Los Angeles Lakers president of basketball operations Magic Johnson has hardly made any secret of his team’s desire to sign multiple superstars in 2018 NBA free agency, both in his words and in actions.
Team officials like Johnson and general manager Rob Pelinka have spoken openly about maintaining “flexiblity” for the summer to come, when players like LeBron James, Paul George and DeMarcus Cousins can enter unrestricted free agency.
The Lakers also traded D’Angelo Russell to Brooklyn for Brook Lopez in large part so they could get out from under Timofey Mozgov’s onerous contract, and Lopez’s expiring deal will give them just enough cap space to sign two max players in conjunction with other moves.
However, during an appearance on Spectrum Sportsnet’s “Connected With…,” Johnson explained there shouldn’t be an expectation that the Lakers will use their entire salary cap space just because they have it. They want to sign the right players, not just any players:
“I feel really good about it. Now, we have cap space for probably two max guys, but that’s not to say we’ll use both of them. We want to if we can, but we have a Plan A and we have Plan B. Say we only get one of those guys, then we’ll make a decision on not to use the cap space. We can do that and save it for the class that’s coming the next year. We’re not going to give money away just because we have the cap space. I’m not about that. If the guy can’t really take our team to another level, and we see what Kyrie Irving has done for the Boston Celtics. Put him with that young talent the Celtics have, and they’ve taken off. We feel the same thing can happen for the Lakers. If we get the right free agent, that guy can take our young talent to a whole ‘nother level.”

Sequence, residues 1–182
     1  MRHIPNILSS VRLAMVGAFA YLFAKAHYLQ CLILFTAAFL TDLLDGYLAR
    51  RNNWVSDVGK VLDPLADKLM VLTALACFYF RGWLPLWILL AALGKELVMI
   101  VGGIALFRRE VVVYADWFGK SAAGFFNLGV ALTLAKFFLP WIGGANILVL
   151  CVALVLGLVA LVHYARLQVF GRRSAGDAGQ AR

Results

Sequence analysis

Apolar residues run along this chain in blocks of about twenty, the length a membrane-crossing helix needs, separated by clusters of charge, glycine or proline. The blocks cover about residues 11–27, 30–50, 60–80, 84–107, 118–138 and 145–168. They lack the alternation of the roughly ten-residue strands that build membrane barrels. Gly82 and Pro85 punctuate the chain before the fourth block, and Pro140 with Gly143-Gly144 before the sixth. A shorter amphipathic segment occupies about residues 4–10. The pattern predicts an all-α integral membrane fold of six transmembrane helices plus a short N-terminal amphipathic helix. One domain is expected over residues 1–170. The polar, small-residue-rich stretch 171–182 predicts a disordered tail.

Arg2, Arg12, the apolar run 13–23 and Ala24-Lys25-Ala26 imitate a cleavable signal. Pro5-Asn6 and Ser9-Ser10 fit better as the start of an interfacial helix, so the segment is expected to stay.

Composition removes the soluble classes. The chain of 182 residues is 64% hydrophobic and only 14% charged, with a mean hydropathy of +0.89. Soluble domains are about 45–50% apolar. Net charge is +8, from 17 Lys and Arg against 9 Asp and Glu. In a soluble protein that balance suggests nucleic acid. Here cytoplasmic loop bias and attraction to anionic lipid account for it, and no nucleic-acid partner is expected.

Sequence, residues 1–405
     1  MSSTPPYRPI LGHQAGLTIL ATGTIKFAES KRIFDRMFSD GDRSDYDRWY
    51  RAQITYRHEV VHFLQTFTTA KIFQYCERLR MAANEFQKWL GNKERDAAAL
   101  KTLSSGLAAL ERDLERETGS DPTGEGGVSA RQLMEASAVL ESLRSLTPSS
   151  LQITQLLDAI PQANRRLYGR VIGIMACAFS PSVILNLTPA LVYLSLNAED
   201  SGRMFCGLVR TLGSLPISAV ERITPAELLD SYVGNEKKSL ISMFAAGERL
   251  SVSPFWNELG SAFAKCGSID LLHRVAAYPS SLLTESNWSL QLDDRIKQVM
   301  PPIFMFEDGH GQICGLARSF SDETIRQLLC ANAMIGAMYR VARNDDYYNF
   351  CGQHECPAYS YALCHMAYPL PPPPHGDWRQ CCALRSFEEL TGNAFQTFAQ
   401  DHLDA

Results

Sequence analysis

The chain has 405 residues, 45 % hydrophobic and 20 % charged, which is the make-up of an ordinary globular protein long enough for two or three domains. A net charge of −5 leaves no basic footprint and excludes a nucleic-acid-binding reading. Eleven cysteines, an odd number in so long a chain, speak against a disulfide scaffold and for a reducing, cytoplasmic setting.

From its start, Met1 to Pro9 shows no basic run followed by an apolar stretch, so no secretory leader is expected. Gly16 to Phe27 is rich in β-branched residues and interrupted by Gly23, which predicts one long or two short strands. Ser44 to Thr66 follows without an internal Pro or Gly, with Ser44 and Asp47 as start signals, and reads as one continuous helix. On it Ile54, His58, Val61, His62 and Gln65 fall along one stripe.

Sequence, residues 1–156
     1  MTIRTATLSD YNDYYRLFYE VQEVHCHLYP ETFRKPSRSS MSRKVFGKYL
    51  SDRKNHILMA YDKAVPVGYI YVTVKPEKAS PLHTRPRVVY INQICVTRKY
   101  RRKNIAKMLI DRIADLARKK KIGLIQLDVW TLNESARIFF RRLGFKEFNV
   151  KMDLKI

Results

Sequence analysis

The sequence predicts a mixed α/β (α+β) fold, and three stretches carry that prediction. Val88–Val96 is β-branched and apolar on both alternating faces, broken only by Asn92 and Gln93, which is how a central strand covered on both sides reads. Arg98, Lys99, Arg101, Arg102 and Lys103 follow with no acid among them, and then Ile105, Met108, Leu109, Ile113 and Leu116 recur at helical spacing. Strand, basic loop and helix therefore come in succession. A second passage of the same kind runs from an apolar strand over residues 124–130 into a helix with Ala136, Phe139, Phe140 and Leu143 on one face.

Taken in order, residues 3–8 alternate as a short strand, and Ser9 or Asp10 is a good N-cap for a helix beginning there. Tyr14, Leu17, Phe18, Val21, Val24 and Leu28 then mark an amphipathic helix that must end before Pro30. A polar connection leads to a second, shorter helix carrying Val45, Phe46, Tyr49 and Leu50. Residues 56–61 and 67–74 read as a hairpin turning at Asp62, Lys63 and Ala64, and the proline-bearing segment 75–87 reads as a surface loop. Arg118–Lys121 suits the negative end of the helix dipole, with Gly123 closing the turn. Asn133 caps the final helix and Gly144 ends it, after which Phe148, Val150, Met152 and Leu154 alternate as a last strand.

The Lakers would have a harder time justifying using Russell to dump salary if they don’t sign two superstars, but that reality also shouldn’t make the organization feel as though it has to sign two max players.
That’s the type of mindset that led to the team signing Mozgov and Luol Deng to gargantuan deals, something they should be looking to avoid moving forward.
The Lakers will be a lot better off should they sign two superstars, that much is certain, but the team certainly doesn’t have to. If they whiff this summer, they have a promising young core to fall back on, and they should avoid wasting that window just to chase a few extra wins with an overpaid veteran or two.
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